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Safety in the Retail Workplace

Feb 27, 2008
The retail environment may appear to be a relatively safe workplace (save the disgruntled shopper or two), and unlike a construction site or workplace that develops chemicals, a retail store doesn't seem to pose any obvious threats. However, retail workers face everyday hazards, from trip-and-fall risks to back injuries resulting from lifting heavy boxes.

With retailers typically setting aside $10-30,000 for each lost time injury, the unforeseen retail injuries can quickly add up. Employees who don't follow safety guidelines can wield a huge impact on a company's bottom line. Following are general guidelines that every retail owner and employee needs to protect themselves from the potential injury pitfalls of retail:

Safety in a Retail Store
1. Stack cartons so that they're not piled at the end of aisles where people could trip over them.
2. Clean all floors, aisles and stairs and keep them free of debris, trash, spills or fallen merchandise.
3. Make sure that all floor mats and carpets lie flat, free from ripples or curled edges, and are slide resistant.
4. All exit paths should be free of obstruction.
5. Stack merchandise in a stable manner and that's easy to reach.
6. Remove protruding objects from displays, counters, tables and floor stacks.
7. Maintain at least 30 inches of clearance around sources of ignition such as heaters, boilers, and electrical panels.

Tips for Proper Lifting
1. Size up the load. If it looks too heavy, use lifting equipment or ask for help.
2. Before lifting and carrying an object, check to make sure your route is free of obstruction, water, and other trip-and-fall hazards.
3. As you lift, place your feet close to the object, bend your knees and get a firm hold on the box. Lift primarily using your leg muscles.
4. Keeping the load close to your body without twisting or turning, lift straight up.
5. Turn your body by changing foot position as you start walking, rather than twisting.
6. Set the load down slowly, bending at the knees. Do not let go of the load until you've lowered it securely to the floor.
7. Transport carts and wheel racks by pushing - not pulling.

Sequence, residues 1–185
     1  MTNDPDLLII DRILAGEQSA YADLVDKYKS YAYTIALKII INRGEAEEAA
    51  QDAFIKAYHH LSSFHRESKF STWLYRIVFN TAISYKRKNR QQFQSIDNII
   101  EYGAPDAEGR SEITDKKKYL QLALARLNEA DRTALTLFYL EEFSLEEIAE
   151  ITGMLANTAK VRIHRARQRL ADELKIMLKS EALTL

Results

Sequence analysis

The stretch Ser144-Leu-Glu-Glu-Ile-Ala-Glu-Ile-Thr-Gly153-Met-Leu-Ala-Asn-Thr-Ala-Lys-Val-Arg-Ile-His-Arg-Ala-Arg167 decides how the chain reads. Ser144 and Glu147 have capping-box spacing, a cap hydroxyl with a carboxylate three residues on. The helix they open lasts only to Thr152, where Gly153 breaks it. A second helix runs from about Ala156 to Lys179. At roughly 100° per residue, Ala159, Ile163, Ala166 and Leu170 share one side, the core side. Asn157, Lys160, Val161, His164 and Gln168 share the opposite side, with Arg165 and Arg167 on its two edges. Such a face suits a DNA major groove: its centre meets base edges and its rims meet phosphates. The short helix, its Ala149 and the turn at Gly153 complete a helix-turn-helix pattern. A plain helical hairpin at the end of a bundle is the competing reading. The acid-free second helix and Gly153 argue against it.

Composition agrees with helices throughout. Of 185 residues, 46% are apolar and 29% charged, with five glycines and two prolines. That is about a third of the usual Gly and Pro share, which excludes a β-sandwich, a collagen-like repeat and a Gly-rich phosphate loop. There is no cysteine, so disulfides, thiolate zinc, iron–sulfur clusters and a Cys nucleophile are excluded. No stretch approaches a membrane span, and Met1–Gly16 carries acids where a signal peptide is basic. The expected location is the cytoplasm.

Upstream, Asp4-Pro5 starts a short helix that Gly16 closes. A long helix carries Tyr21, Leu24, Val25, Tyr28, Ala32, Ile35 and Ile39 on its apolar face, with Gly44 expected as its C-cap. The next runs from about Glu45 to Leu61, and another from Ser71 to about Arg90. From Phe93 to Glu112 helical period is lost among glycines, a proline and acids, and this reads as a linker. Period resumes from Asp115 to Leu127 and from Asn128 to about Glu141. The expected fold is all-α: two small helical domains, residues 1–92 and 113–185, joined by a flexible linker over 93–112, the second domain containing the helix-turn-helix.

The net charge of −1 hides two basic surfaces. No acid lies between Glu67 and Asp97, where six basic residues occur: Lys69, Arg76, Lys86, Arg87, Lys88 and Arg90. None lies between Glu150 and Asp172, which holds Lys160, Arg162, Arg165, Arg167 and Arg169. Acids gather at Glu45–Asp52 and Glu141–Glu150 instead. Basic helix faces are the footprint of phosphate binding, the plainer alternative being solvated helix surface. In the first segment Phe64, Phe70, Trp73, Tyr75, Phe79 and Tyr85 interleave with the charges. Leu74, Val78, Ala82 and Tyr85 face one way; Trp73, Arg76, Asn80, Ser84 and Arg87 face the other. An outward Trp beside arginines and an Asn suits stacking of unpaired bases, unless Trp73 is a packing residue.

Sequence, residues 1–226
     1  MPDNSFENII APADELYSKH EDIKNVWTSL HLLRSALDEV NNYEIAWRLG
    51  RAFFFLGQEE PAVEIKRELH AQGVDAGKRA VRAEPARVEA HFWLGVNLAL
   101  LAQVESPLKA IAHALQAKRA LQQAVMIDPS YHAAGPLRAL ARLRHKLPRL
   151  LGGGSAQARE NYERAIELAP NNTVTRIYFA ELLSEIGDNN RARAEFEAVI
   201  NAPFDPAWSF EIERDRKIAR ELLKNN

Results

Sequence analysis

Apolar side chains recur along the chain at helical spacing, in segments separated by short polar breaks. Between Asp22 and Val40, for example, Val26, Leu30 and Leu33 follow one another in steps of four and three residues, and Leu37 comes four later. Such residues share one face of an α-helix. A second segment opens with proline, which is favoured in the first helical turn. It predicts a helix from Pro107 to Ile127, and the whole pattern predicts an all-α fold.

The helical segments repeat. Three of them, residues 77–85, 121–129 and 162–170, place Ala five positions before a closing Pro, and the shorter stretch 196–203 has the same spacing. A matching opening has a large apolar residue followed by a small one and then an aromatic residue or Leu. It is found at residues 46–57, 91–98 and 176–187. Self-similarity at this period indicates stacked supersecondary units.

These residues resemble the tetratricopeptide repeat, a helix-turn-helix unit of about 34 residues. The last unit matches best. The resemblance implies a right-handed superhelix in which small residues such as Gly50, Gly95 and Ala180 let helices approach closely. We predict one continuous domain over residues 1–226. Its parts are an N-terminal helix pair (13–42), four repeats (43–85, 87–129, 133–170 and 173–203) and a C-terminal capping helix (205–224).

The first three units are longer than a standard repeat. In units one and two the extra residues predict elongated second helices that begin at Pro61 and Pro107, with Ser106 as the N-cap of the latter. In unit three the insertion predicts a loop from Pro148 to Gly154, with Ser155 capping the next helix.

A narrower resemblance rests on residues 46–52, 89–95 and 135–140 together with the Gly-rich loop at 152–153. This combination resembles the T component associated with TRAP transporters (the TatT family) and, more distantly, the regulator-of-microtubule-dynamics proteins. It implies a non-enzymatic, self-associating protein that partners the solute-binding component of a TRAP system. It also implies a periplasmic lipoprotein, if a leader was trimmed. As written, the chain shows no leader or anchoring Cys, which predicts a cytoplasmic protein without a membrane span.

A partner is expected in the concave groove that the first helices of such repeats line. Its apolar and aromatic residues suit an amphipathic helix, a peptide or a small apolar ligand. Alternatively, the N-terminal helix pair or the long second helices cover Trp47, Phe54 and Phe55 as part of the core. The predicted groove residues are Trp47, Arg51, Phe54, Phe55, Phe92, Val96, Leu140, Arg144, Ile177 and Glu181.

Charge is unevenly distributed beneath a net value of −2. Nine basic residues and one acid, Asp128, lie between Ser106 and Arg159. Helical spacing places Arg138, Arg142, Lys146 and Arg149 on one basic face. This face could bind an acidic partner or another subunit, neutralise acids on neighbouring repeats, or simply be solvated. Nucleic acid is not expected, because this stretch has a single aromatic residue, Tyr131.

Receiving Dock Safety
1. Keep the dock area clear of displays or other debris.
2. Clean any spills or wet areas immediately.
3. Check all pallet jacks before use.
4. Don't hoist yourself up or jump from the dock to ground level. Use the stairs to fo from ground level to the dock, or vice versa.
5. Never ride a pallet jack or forklift.

To avoid injury or damage to inventory, retailers should also use caution when opening shipping and receiving freight. Perhaps one of the most often overlooked precautions is in the use of a utility knife. Retailers are constantly receiving shipments and orders that require careful opening to prevent injury as well as damage to the product. Use the following guidelines to safely open a carton with a box cutter:

1. Always keep a box cutter with a sharp blade handy when working with freight and opening boxes.
2. Set the carton on a flat, steady surface.
3. Position the carton at an angle to your body so that the cutter will not be moving directly towards you.
4. Place one hand on the box and use the other hand to firmly hold the box cutter.
5. Make a smooth cut, and then turn the carton a quarter revolution. Make another smooth cut, and turn the carton again.
6. Cut as close to the top of the box as possible.
7. Check the condition of the box cutter's blade. Dull blades require more pressure and increase the risk of injuries.

To work well, a safety knife needs to be mistake-proof. In other words, its safety features must be so deeply built-in that a new, untrained employee can't accidentally override them.
About the Author
Safecutters Inc., provides an online store of utility knife box cutters for opening shipping boxes and shipping packages, as well as safety knives to open moving boxes and packages. For more information about Klever Kutter and other Safecutters products contact us!
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